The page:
Harvard Crimson supports the BDS initiative

May 8, 2022 • 10:15 am

The Harvard Crimson—the University’s student newspaper—came out on April 29 with an editorial supporting the Boycott, Divest, and Sanctions (BDS) movement against Israel and for a “free Palestine.” The screenshot of their article is below, and it’s the usual gemisch of historical ignorance and wokeist victimism.  More important, it completely ignores the perfidy practiced by Palestine, the fact that Palestine and not Israel is an apartheid state, the increasingly violent attacks by Palestinians against Israeli citizens (those are war crimes, by the way), the hatred of Jews and Israel taught to Palestinian citizens and children, and the Palestinians’ odious “pay for slay” program that rewards terrorists and their families for killing Jews.

It also skirts the palpable fact that BDS is anti-Semitic. Why? Because the BDS movement explicitly favors the elimination of Israel. Their mantra is “From the river to the sea, Palestine will be free.” You have to be blind not to see that that is a call for the elimination of Israel and its Jews. If you want a longer list of reasons why BDS is anti-Semitic, go here. (Some of the reasons involve the singling out of the Middle East’s only democratic—and Jewish—state as the only target of BDS.)

Every time I claim that the Left is getting more anti-Semitic in America—and I don’t deny that the Right is, too—I get tons of email pushback from those who can’t stomach the thought that the Left is increasingly permeated with hatred of Israel and Jews. (In fact, I got a veiled threat about that this week, daring me to repeat that the Left is growing anti-Semitic.)

But, as in Britain, this happens to be the truth. Increasingly, the American Left is being taken over by the Progressive Left—or at least the Progressive Left that is the vocal face of Leftism; and the Progressive Left adheres to the Victim and Oppression narrative. In this case, Jews are seen as oppressors, and even if not white they are “white adjacent.” As the Crimson editorial states, “It is our categorical imperative to side with and empower the vulnerable and oppressed.”  (But only involving Israel and Palestine.)

The problem is that the Palestinians had many chances NOT to be vulnerable and oppressed (see below) and have rejected them all. Nothing will satisfy them except the total elimination of Israel. And that is anti-Semitic, though its proponents often make it into a euphemism by saying “anti-Zionism is not anti-Semitism.”

Palestinians, on the other hand, are seen as people of color, and despite their repeated refusals to accept a “two state” solution first offered by Britain and then several times by Israel (there have been at least seven such offers, all refused by the Palestinians because they want not a state of their own, but the total destruction of Israel). As Abba Eban said after the failed peace talks of 1973, the Palestinians “”never miss an opportunity to miss an opportunity”.

The first thing you’ll notice about the editorial is how poorly written it is. Can’t editors of the Crimson, who are Harvard students, write better than this?. But let’s have a look at a few of its assertions. (Be aware that I’m quite ill so my writing may be a bit wonky).  I’ve given some quotes (indented) below the screenshot.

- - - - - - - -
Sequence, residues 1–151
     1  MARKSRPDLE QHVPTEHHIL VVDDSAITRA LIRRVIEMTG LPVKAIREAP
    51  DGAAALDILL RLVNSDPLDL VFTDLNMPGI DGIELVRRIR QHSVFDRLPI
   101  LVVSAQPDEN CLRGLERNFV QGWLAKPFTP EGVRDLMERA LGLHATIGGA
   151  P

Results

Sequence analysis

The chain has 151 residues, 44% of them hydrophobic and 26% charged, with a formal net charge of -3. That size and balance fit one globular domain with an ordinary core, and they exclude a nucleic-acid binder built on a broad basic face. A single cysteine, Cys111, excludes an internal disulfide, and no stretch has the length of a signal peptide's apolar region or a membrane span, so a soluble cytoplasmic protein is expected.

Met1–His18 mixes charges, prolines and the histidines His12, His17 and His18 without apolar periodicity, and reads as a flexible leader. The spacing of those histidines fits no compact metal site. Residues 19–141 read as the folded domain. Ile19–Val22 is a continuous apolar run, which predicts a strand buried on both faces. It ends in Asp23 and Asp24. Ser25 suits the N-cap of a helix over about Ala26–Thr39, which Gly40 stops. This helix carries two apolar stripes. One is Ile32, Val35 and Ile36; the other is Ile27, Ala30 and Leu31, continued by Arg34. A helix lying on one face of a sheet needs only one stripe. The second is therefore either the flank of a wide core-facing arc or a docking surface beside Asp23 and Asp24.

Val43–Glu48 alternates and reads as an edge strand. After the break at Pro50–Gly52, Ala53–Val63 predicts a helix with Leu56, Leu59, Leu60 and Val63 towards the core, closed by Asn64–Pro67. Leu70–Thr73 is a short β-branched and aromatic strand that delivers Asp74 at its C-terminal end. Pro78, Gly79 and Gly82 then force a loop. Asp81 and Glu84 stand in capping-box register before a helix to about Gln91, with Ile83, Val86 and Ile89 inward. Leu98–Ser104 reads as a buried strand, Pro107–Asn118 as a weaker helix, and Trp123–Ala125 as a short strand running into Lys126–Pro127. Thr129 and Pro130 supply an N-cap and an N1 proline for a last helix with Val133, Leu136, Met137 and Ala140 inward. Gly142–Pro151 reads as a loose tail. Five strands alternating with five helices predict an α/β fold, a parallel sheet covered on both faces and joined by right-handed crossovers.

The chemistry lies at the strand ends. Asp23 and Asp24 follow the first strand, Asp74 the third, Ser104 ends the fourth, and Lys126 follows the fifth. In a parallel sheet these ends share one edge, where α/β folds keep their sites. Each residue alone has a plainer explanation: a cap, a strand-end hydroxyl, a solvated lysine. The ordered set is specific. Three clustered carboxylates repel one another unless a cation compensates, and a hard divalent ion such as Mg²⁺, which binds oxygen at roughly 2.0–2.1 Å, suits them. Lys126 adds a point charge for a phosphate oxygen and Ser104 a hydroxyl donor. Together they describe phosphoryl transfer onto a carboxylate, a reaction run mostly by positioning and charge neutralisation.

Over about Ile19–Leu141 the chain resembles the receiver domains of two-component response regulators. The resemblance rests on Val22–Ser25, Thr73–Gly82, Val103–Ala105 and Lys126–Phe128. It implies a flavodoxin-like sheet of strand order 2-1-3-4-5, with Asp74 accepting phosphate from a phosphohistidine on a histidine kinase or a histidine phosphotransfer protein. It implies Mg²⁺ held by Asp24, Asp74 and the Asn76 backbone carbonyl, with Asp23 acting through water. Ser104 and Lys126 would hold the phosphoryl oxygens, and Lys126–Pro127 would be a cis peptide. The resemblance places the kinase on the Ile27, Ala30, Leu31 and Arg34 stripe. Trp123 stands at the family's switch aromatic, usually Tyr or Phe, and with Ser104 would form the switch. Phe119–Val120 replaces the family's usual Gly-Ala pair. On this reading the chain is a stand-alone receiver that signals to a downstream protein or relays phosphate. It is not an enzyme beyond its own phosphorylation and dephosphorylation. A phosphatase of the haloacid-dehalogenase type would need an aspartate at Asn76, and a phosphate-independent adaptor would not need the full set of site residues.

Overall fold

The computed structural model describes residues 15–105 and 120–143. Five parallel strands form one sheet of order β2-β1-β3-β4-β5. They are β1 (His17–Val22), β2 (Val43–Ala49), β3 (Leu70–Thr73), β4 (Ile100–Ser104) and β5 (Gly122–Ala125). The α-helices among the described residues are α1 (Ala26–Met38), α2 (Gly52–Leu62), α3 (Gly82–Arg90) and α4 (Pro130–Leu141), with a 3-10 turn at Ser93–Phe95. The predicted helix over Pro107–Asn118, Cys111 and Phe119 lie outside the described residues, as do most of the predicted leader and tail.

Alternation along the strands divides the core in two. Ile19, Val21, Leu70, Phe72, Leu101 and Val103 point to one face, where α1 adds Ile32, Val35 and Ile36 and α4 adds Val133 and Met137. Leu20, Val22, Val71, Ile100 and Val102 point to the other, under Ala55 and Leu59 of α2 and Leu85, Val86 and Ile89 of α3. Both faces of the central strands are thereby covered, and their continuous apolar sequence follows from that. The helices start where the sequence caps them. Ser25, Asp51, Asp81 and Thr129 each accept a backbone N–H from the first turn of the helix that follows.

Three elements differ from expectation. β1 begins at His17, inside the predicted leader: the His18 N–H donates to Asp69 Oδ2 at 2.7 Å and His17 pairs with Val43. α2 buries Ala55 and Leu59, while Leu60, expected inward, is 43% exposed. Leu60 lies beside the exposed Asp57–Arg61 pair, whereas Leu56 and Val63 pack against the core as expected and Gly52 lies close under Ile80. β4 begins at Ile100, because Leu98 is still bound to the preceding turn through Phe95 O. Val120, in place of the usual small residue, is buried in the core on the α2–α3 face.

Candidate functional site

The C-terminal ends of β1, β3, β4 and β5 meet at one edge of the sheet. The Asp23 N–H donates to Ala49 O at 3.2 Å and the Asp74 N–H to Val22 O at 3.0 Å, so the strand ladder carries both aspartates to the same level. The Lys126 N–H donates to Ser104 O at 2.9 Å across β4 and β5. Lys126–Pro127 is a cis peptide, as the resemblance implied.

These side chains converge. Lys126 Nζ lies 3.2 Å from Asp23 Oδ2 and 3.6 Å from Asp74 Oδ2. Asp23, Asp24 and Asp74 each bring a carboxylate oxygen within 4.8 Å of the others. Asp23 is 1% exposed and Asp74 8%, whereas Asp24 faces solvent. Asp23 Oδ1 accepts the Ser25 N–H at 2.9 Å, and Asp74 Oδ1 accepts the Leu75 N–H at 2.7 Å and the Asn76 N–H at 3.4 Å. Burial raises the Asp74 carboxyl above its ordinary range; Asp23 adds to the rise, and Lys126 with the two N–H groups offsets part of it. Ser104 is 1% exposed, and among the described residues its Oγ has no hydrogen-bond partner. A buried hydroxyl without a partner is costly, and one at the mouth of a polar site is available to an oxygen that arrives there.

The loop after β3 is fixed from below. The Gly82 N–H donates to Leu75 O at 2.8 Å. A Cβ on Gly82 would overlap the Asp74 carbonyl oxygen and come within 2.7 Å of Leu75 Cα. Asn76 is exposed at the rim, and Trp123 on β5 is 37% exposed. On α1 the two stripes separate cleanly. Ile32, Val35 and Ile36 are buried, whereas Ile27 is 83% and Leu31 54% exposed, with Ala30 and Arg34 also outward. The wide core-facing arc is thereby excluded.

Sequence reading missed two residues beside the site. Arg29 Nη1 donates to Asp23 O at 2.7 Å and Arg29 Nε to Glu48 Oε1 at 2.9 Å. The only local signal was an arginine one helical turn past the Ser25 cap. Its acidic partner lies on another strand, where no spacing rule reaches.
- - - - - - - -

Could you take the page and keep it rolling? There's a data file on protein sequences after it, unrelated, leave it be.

We first and foremost wish to extend our sincere support to those who have been and continue to be subject to violence in occupied Palestine, as well as to any and all civilians affected by the region’s bellicosity. We are not sure how these words will reach you, or whether they’ll do so at all. But our stance isn’t rooted in proximity or convenience, but rather in foundational principles we must uphold — even if (or perhaps especially when) it proves difficult.

. . . This editorial board is broadly and proudly supportive of PSC’s mission and activism, including its recent art display. The admittedly controversial panels dare the viewer to contend with well-established, if rarely stated, facts. They direct our eyes towards the property and land confiscations, citizenship denials, movement restrictions, and unlawful killings that victimize Palestinians day in and day out. Art is a potent form of resistance, and we are humbled by our peers’ passion and skill.

No killings are more unlawful that the wanton slaughter of Israelis civilians by Palestinian terrorists. For some reason the Crimson’s editors have forgotten this! And don’t forget the rockets that Palestine fires willy-nilly into Israel, not targeting military objectives but to terrorize civilians. Of course, the slaughter of Israelis citizens has been rationalized as “justifiable response to occupation.”

In the wake of accusations suggesting otherwise, we feel the need to assert that support for Palestinian liberation is not antisemitic. We unambiguously oppose and condemn antisemitism in every and all forms, including those times when it shows up on the fringes of otherwise worthwhile movements. Jewish people — like every people, including Palestinians — deserve nothing but life, peace, and security.

Except in Israel!

It goes on and on, a one-sided editorial whose message, in the end, is “we favor getting rid of the state of Israel.” If the Crimson wanted a two-state solution, they might have mentioned the number of times that the Palestinians turned one down.

Now nobody denies that the Crimson is a voice of the Left, nor that its editors often go on to obtain powerful positions in journalism. We are doomed to a future in which the Leftist media favor the elimination of the state of Israel. It’s only the center-leftists or centrists who keep our side from going completely down the drain by supporting a patriarchal, homophobic, oppressive, genocidal, and pro-apartheid Arab state.  I am not opposed to criticism of Israel, but I am opposed to BDS, to those who claim BDS is not anti-Semitic, to those who valorize Palestinians as the “victims” of Israeli oppression, to the relentless hatred of Jews perpetuated by Palestinian mainstream and social media, and especially to those on the Left, like these ignorant Crimson editors, who have bought into the Palestinian narrative. (In a week in which three Israeli civilians were axed to death by Palestinian terrorists—before this editorial—do have a look at the Palestinian approbation for the slaughter here.)